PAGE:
The bankruptcy of PFGBest and attempted suicide of its founder have reporters writing some interesting stories. New York Magazine says there were obvious red flags such as this detail posted by Reuters:
Jeannie Veraja-Snelling has been certified in the state of Illinois since 1999.
However, she does not list having any public company clients in her 2011 annual filing with the PCAOB.
On Tuesday night, she came to the door wearing a green sleeveless shirt and blue denim shorts. A stack of cardboard filing boxes was sitting just inside the door.
Why should we accept that the size of an audit firm or the clothes of an auditor are red flag signs?
I mean you always have to account for (pun not intended) the Enron fraud fiasco taking down the entire 85,000 employees of Arthur Andersen. And you also have to consider applying the same logic about size to other professionals such as doctors or dentists. An exit from large headquarters and staff to run a small practice is not necessarily a step down.
The future, ever more fueled by social network tools, could be argued to be headed towards umbrella firms of peer relationships between independent but small practitioners. Lower overhead yet more personalized service is a trend. Peer respect or presence in the market is not set by size alone. The age of “giant” corporations made sense when you were talking about smelting iron but in the information age a small firm may be superior to large ones in many ways.
Large firms, meanwhile, tend to face pressure to make money to cover their overhead. That pressure can often lead to fraud. PFGBest, for example, was very large. We know that the founder of the firm confessed to fraud and was known for excessive displays of wealth. The external auditor’s appearance pales in comparison, in terms of signs of fraud, to the corporate jets, giant gifts, large construction projects of the PFGBest founder.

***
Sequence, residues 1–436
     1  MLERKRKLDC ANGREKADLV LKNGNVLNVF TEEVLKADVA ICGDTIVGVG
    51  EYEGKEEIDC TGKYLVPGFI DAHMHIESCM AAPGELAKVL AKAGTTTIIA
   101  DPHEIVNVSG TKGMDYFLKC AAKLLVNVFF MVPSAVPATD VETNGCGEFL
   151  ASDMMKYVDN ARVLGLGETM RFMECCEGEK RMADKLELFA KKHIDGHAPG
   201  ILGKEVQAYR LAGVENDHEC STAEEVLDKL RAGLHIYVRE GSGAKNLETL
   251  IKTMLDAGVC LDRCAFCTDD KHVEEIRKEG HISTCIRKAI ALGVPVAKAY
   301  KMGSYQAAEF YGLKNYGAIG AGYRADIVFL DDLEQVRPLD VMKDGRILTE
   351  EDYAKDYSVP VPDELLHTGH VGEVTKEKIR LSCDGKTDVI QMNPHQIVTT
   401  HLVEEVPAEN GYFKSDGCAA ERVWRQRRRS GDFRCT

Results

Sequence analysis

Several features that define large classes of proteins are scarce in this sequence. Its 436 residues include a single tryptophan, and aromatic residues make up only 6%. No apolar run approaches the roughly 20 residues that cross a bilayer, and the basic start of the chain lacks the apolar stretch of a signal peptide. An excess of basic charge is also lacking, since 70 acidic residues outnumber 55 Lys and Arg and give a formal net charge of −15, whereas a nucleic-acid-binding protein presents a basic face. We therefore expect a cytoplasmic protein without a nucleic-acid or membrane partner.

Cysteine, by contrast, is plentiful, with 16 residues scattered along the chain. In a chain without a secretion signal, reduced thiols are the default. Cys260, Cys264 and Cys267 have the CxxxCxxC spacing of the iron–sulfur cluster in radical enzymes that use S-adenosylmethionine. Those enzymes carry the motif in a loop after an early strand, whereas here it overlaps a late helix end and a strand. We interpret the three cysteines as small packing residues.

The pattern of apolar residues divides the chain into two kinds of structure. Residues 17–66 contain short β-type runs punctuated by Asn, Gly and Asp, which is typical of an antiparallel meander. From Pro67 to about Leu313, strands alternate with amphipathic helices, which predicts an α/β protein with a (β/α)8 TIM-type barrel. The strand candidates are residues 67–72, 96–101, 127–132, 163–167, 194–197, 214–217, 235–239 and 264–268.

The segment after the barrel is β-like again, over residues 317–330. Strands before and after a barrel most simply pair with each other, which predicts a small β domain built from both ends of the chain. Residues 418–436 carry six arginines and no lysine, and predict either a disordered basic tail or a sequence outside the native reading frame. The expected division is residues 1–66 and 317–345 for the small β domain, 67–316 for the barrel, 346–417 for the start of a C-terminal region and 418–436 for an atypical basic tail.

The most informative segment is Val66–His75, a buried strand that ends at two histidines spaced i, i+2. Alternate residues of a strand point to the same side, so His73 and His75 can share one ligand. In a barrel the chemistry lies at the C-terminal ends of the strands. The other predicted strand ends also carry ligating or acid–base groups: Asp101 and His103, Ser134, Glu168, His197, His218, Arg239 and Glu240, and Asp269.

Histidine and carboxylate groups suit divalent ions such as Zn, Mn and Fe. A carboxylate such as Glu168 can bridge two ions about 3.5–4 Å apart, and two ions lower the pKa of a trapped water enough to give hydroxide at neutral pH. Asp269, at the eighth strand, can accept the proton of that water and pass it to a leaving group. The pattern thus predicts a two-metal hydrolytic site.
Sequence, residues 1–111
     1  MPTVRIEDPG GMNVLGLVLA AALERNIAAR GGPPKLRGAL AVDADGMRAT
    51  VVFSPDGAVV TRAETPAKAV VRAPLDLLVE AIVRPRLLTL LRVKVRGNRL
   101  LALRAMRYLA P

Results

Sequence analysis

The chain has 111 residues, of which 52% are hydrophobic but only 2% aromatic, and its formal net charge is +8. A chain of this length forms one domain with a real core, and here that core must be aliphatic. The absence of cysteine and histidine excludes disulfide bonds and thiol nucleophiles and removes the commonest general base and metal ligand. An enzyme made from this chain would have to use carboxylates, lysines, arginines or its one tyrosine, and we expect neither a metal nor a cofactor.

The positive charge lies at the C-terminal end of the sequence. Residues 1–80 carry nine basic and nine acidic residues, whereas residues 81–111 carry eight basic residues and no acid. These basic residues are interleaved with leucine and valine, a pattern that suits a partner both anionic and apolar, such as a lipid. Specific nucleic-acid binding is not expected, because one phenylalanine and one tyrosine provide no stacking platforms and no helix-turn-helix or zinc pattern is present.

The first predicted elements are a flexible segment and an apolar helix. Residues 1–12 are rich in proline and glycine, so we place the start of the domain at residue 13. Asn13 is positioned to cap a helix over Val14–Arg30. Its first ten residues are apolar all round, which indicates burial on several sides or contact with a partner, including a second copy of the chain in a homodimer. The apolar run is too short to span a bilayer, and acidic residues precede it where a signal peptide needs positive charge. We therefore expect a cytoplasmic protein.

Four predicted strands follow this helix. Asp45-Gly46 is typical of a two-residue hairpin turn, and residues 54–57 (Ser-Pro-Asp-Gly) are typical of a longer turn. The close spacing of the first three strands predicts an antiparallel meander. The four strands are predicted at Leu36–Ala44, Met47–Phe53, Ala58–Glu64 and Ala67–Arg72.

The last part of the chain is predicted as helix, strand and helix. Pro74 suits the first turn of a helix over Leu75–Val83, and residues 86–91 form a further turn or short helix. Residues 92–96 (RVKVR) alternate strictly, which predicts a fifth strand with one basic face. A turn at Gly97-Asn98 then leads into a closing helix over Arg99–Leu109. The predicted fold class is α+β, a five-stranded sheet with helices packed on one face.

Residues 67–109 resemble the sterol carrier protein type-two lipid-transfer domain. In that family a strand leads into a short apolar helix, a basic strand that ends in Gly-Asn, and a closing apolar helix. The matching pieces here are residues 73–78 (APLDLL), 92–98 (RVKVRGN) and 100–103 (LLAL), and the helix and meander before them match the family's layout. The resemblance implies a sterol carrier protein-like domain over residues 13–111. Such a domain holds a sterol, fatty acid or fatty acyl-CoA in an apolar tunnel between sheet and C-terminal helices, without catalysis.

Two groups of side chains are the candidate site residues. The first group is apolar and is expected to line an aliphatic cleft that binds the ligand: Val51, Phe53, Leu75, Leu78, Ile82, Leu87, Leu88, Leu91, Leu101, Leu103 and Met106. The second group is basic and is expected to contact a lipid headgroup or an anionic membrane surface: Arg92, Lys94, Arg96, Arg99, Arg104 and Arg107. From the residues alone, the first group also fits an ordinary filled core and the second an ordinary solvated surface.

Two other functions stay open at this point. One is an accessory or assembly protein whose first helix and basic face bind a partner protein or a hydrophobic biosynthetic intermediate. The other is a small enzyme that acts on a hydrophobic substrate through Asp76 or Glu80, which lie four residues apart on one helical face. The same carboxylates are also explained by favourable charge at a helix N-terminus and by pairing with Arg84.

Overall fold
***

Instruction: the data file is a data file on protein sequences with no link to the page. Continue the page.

That being said the true worry in the story is the independent auditor’s lack of records and lack of awareness. Also of concern, although I haven’t seen anyone report on it, is a lack of a peer network with other auditors or professionals in her area of expertise. Regulators definitely could have picked up on that, especially if they tested her annually. Did her skill and reputation match her responsibilities?
The PCI SSC regulates its auditors closely by regular tests and reviewing the reports on compliance. It’s a decent model for other regulators to follow. The quality assurance program for assessments and assessors is one of the primary factors that makes PCI DSS so much more rigorous than other regulations.
Another aspect of the PFGBest story is how the founder managed to hide his crime, as revealed by New York Magazine.
“I was able to conceal my crime of forgery by being the sole individual with access to the US Bank accounts held by PFG. No one else in the company ever saw an actual US Bank statement. The Bank statements were always delivered directly to me when they arrived in the mail. I made counterfeit statements within a few hours of receiving the actual statements and gave the forgeries to the accounting department.”
Later in the note, Wasendorf detailed how he had falsified bank documents “using a combination of Photo Shop, Excel, scanners, and both laser and ink jet printers” in order to fool regulators into believing that his firm, which is now bankrupt, had adequate money in its accounts.
Sole control? Financial companies usually force annual vacation, as explained by businessfinancemag.com, to let others run the numbers and verify controls.
Job rotation/mandatory vacation ranked second in effectiveness; companies with this control in place experienced a median loss 61 percent lower than the median loss incurred by the other organizations in the sample.
How did PFGBest avoid that time-honored practice? The excessive displays of wealth coupled with dictatorial control — accumulation of wealth coupled with lack of transparency — are the common red flags for corruption. Denim shorts and low overhead may not inspire confidence on their own but they tend not to show up in anti-fraud research.